A.B., a teen in Murrieta, CA

This post is in collaboration with covid9teen

Murrieta, CA:

When quarantine began, I had recently turned 17. Tomorrow I will be 18. It has become really challenging for me to accept that I will be an adult tomorrow when I never had the chance to be 17.

At first, I spent quarantine 3D printing face shields for my community, but eventually summer classes and college apps took over my time. Then I began my senior year in high school. About every two weeks since school started, everyone acts like quarantine is about to end. That, to me, is the most frustrating part. My school still plans on having prom and class trips to amusement parks by April.

My family is asthmatic, so we have been really careful since the outbreak. I have been out with other people enough times to count on one hand (and even then we socially distanced with masks). I will sometimes go on a drive just to get out of the house, but beyond that and picking things up for school, I don’t leave much. Before the pandemic, I used to be busy every weekend and didn’t come home from school until 5pm because of my extracurriculars.

Now, virtual school ends at 12 noon and I spend the rest of the day on homework. Learning online is challenging. I have had more late assignments this year than in my 3 previous years of high school combined. The reason why I have so many late assignments is because some days I just can’t sit and work anymore, so I blow it off and relax for the day. This has helped me with my mental health a lot. These days are when I can experience some of the ‘bright sides’ of quarantine. I spend this time 3D modeling, building PCs, playing games, and talking on discord with friends. Occasionally, I’ll go take a hike to clear my head or reorganize my room for the thousandth time.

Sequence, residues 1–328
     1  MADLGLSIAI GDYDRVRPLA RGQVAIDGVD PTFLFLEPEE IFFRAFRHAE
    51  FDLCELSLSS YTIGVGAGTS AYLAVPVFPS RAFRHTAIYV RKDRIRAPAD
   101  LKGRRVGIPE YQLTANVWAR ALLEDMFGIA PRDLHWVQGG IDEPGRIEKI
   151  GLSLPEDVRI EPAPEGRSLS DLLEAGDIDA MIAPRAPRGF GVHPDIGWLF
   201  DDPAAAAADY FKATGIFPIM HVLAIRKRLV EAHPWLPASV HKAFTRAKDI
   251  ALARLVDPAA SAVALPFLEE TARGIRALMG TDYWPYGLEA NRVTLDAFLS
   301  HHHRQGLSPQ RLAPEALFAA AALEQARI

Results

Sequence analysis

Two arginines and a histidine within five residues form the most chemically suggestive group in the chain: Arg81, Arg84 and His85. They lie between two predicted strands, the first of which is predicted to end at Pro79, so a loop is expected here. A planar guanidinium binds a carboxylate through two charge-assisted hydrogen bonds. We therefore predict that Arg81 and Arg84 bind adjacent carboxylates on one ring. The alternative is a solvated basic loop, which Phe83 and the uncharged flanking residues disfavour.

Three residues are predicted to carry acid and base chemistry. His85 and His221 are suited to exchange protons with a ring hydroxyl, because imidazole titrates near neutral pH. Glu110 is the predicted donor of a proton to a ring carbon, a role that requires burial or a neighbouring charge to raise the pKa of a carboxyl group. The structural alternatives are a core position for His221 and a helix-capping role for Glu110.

Though quarantine has been bleak, I’ve gotten a lot of extra time with my family, which I am thankful for. My older sister moved back home for the time being and my dad can’t travel for work, so we have been enjoying the extra time together before I go to college next year. I also have 3 dogs that like to sit with me during class. There’s nothing quite like learning calculus with a 90 pound dog in your lap.

I had to miss out on internships, summer programs, and my last year in high school. But it hasn’t been all bad. I’m lucky enough to have derived some good from the situation. I learned to better balance my life with school. I’m thankful that I figured this out before going to college. If I could give advice to others, it would be to sometimes set aside important things when you start to get overwhelmed. That way, you can regroup and get to a better state before it gets too much for you.

[submitted on 2/4/2021]

Learn more about the LiQ and the covid9teen collaboration here

Life in Quarantine: Witnessing Global Pandemic is an initiative sponsored by the Poetic Media Lab and the Center for Spatial and Textual Analysis at Stanford University.

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